Photo by Jamie Street on Unsplash
Success is relative. We screw it up when we start comparing ourself to the everyone else and what success is to them.Chris Eggleston
We all do it. We scroll through Facebook or Instagram and see the “wonderful lives” of our “friends”.
Then we start to get frustrated. Because we’re not the ones on vacation every other week, or the one with the perfect little life.
There is a funny commercial that depicts what I mean exactly…I posted it below…watch it!
Alright, alright, let’s get back on track.
What I Realized
First, you’ve got to start the stories in the same place.
You can’t look at someone like ‘The Rock’ and say, “man I’ll never look as great as he does!”, when today was your first day in the gym.
You’ve got to go back to ‘The Rock’s’ first day in the gym, he didn’t just wake up looking that way! He’s got 20 plus years of hard work in the gym everyday!
Figure out what your heroes or those you look up to had to overcome to get where they are today. Learn what skills they had to develop, how much work they had to put in, and how many times they failed along the way.
If, for example, you learn ‘The Rock’ has only missed 1 day of gym time in 20 years, and you’ve already missed 5 this week, then you can be pissed at yourself.
Second, I don’t really want the same things as everyone else I have compared myself too.
Define what success means to you!!
I’ve got another example. I read a book about Larry H Miller a couple months ago, and while the guy was able to build a massive automotive empire and did some really cool things to keep the Jazz in Utah and learned how to leverage faith to accomplish some pretty impossible achievements, he died young, and sacrificed his family for wealth.
Don’t get me wrong, he did a lot of good with his money, but he didn’t have a relationship with his children until they were old enough to start working in the business, and as a result there were some adolescent issues.
I can’t do that! I could never sacrifice my wife and kids to achieve wealth.
For me the point of wealth is to have more time and freedom to do things with the people I love. Not drive a wedge between us.
Understanding what you want, and what you are and are not willing to do to accomplish those things is key to proper comparisons.Tweet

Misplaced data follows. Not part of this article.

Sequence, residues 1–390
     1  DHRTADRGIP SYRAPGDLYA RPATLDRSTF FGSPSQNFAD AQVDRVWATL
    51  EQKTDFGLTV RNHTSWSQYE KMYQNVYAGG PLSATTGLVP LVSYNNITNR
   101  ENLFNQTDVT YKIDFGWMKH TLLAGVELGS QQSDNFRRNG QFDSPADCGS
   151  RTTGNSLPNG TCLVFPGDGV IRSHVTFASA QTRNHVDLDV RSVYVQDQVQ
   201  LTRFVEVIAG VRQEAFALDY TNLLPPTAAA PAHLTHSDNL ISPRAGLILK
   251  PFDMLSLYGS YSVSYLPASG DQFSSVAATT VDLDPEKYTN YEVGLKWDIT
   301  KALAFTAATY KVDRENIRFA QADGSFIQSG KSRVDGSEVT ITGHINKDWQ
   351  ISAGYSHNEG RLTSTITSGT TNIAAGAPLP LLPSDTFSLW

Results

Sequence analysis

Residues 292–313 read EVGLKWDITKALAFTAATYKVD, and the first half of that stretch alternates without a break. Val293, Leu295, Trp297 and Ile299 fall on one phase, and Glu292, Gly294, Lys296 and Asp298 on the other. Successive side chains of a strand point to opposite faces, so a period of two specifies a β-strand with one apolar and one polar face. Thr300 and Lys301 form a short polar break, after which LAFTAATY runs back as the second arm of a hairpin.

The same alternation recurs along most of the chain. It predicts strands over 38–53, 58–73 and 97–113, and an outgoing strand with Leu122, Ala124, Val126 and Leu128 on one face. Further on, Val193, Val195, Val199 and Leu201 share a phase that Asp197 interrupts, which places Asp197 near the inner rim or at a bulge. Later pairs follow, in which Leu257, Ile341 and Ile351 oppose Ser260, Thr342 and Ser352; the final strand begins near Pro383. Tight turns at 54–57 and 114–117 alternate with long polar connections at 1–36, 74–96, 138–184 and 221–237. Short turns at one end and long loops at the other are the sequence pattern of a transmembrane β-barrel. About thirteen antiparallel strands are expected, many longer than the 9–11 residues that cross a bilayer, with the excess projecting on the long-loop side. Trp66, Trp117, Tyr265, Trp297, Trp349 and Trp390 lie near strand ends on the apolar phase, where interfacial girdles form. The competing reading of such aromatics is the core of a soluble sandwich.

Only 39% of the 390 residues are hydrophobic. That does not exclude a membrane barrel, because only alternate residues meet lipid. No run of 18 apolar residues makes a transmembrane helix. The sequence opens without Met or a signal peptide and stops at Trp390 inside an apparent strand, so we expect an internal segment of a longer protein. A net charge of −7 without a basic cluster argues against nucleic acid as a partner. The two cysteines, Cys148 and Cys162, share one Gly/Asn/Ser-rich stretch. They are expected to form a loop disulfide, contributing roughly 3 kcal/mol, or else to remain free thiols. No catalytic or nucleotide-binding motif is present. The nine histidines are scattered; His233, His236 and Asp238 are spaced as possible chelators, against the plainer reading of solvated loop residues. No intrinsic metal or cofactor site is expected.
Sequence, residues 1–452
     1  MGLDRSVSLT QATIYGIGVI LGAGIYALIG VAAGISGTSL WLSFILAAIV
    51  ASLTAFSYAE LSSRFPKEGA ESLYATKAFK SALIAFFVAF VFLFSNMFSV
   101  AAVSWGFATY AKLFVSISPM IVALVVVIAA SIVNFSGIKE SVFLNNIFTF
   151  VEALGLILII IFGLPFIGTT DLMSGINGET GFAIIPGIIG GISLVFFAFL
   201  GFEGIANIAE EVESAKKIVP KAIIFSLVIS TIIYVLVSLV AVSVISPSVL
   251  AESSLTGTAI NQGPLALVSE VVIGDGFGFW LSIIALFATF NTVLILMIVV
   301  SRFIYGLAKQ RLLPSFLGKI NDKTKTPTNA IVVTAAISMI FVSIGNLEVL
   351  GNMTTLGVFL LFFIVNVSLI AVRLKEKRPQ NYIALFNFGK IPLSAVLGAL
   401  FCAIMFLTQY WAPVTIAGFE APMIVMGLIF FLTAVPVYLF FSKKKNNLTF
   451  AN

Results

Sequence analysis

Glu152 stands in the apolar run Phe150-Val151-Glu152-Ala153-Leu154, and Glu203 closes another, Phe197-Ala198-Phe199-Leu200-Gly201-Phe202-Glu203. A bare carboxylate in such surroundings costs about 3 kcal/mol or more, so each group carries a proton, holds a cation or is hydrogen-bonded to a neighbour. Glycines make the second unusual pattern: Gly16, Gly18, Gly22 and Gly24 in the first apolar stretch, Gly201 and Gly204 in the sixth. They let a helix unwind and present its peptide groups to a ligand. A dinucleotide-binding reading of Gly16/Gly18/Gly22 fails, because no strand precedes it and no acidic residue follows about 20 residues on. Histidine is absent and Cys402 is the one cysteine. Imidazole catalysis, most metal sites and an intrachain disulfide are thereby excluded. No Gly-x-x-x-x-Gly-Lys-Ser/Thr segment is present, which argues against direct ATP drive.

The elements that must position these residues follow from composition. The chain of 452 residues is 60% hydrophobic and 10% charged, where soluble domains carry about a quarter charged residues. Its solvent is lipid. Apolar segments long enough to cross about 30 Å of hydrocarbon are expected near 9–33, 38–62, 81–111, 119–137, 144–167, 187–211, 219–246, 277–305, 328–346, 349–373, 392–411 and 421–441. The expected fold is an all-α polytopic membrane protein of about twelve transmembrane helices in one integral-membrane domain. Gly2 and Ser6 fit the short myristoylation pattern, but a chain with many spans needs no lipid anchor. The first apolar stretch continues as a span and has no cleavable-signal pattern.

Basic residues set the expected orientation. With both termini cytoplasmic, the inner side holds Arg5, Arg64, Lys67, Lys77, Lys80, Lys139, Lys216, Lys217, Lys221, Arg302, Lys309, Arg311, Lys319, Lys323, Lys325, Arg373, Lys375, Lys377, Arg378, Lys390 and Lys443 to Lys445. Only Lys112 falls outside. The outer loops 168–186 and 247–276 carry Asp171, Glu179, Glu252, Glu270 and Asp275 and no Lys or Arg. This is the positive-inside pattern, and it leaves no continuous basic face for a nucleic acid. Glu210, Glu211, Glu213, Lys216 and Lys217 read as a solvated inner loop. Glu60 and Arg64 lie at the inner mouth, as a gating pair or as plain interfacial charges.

You Should Be Your Only Competition
I may want to have ‘The Rock’s’ body, but I know, I am not (currently) disciplined enough to achieve that goal.
But that doesn’t mean I give up, it just means I need to adjust my goal to what I can accomplish right now.
Maybe that is being satisfied that I’m in the gym 1 or 2 times a week. Maybe it’s feeling good about losing 5 pounds of fat or gaining 2 pounds of muscle in the next 30 days.
You know what you’re capable of, and you know what your weaknesses are, so why not play to your strengths and use everybody elses journey as cheat codes to simply learn what is required for success in the things you want.
There is always going to be somebody that has more than you, somebody that will make you want to achieve more.
Jeff Bezos of Amazon, might be the Richest man in the world, but he might wish he could have a meaningful marriage or more time with his kids.
What does success look like to you!?
That’s all that matters!
1 thought on “Success is Relative. Stop Comparing Yourself to Everyone Else!”
I agree and it doesn’t matter how old you get there is still that tendency to compare yourself to others and find yourself wanting. one of my favorite Bible scriptures is in James 1:4. “But let patience have her perfect work, that ye may be perfect and entire, wanting nothing.” I know, we all freak out about that seemingly unattainable perfection and so did I until I learned that the more literal translation from the GReek word for perfection is, “complete, finished, or fully developed. Kind of like being ‘entire, wanting nothing.” God Bless.